"Ready, set, here comes El Niño"

CALIFORNIA -- For the West Coast, the El Niño is both a blessing and a curse.

El Niño has already hit California's mountains. The latest snow-pack survey found five feet of snow in the Sierras, a welcome sight after four years of drought.

Southern California is now bracing for a series of storms.

El Nino's effects being felt around the world

"We're looking at about an inch to two inches of rain in the LA Basin," said John Rubenstein, a meteorologist at KCBS in Los Angeles. "And then right on its heels here's that third system that's moving in on Wednesday and the rain from that could linger all the way into Friday."

El Niño is an intense warming of the Pacific Ocean near the equator that changes weather patterns around the world. This is one of the largest on record.

"Ready, set, here comes El Niño," said Bill Patzert a NASA climatologist.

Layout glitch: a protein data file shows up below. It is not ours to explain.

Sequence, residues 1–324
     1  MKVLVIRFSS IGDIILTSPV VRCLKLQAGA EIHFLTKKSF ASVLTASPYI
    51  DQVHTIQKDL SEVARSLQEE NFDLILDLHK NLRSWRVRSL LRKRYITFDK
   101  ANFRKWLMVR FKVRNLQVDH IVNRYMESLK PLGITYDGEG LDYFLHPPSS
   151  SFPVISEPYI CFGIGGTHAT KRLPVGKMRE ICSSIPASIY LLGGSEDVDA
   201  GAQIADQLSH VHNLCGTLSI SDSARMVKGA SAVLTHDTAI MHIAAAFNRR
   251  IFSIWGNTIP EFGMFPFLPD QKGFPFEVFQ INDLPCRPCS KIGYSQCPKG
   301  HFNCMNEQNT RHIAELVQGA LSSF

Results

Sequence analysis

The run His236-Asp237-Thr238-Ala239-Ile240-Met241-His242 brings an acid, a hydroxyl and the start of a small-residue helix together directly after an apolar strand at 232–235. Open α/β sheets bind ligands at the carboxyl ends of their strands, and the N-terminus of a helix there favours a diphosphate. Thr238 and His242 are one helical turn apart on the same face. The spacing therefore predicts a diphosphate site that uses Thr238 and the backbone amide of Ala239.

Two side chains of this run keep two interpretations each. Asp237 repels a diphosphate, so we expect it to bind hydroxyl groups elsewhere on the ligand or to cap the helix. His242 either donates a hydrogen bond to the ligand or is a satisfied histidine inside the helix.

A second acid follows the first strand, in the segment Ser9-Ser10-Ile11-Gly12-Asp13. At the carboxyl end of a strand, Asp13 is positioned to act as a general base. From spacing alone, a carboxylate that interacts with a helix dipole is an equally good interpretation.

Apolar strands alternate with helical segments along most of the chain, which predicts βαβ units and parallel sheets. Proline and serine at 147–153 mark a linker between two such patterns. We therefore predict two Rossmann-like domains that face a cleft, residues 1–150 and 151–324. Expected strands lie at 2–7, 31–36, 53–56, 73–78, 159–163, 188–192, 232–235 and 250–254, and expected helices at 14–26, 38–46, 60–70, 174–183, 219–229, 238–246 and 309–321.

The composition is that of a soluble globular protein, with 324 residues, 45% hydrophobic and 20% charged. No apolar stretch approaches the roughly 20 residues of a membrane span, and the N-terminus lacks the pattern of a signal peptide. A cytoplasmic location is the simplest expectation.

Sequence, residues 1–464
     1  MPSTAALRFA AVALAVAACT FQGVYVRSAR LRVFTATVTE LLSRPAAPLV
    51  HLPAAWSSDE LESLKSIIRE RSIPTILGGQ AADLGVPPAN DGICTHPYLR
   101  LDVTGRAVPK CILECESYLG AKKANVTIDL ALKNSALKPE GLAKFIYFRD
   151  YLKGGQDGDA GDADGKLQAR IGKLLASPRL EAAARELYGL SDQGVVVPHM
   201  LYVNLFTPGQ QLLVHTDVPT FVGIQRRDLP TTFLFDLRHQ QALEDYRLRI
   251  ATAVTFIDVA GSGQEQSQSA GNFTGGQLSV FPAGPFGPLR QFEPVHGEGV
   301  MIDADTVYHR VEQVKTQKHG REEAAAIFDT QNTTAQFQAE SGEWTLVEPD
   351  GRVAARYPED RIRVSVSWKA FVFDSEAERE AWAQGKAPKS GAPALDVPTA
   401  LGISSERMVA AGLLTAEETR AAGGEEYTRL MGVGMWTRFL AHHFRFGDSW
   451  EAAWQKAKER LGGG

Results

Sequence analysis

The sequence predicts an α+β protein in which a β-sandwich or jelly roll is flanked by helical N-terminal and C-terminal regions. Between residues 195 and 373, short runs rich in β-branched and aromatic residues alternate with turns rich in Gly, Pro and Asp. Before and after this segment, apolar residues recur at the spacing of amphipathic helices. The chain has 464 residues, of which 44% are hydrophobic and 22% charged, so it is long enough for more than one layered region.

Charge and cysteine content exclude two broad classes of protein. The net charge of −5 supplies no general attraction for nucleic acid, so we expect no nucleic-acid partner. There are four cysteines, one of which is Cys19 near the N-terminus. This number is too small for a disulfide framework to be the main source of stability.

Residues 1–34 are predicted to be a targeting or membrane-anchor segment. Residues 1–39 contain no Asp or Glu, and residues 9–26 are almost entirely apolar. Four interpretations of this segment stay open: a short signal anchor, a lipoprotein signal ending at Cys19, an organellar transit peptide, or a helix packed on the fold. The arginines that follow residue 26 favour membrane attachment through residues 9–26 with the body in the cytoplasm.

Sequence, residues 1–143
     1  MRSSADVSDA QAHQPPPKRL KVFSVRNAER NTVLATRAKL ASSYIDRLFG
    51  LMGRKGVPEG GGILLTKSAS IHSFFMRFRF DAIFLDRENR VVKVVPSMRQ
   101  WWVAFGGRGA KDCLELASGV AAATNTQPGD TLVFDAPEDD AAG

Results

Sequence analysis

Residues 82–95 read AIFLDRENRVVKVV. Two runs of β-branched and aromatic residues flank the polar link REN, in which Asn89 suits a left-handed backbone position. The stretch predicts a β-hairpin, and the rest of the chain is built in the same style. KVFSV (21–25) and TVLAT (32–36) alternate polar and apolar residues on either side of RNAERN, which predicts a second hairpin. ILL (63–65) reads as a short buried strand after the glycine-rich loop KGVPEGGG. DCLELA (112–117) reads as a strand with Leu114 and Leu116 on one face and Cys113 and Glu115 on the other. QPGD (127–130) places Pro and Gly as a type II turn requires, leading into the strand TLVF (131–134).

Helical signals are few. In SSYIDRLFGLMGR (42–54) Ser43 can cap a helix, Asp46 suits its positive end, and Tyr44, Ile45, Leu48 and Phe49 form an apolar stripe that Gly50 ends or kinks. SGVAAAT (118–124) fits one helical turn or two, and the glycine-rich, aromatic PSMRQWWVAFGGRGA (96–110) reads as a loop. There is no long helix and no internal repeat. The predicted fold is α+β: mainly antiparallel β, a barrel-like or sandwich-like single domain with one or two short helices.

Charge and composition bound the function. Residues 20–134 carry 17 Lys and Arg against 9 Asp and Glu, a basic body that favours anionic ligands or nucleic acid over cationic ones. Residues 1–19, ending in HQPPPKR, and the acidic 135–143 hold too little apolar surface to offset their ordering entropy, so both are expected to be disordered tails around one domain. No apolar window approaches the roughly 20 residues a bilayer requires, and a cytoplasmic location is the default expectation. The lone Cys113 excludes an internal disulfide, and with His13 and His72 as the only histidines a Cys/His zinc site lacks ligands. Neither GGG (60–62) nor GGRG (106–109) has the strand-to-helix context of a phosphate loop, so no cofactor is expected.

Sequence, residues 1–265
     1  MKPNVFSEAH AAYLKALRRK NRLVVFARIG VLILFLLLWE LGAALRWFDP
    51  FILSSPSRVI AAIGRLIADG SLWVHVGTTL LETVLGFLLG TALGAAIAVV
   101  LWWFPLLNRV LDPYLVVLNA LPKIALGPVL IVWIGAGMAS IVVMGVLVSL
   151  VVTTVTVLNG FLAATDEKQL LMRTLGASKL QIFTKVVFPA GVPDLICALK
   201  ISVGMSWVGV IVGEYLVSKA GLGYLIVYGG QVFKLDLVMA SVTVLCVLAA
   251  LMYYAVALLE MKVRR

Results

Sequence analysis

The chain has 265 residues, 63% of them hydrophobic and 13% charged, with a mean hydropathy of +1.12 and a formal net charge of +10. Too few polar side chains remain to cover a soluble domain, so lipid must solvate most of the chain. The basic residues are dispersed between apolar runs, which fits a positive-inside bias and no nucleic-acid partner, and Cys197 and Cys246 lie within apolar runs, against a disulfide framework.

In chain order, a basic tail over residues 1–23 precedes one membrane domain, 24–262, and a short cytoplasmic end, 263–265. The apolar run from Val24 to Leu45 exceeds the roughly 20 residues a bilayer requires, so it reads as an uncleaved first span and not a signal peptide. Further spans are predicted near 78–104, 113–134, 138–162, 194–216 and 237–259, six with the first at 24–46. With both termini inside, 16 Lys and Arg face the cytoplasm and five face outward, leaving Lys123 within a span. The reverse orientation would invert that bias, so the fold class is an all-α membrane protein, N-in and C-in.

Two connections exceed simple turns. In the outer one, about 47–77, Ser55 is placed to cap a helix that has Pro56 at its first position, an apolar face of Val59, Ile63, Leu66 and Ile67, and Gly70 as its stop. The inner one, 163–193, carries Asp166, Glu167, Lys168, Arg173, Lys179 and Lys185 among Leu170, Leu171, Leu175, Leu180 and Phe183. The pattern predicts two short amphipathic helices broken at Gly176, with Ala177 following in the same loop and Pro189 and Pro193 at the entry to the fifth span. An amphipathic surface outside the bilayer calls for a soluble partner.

What should we anticipate happening?

"Here in Southern California six inches of rain in one week definitely guarantees some flooding, some mudslides -- especially below the burn areas," said Patzert.

Areas such as Venture, where a wildfire charred the hillsides just before Christmas. In Glendora, California, Eric Erby was stocking up on sandbags.

"Flooding could happen any time anywhere. It depends on how much, so either way I'm going to make sure I'm prepared for it," said Erby.

Los Angeles is designed to prevent flooding. That's why the Los Angeles River is encased in concrete right now -- it is just a pathetic little stream. Later this week the water in this channel will likely rise 10 to 20 feet.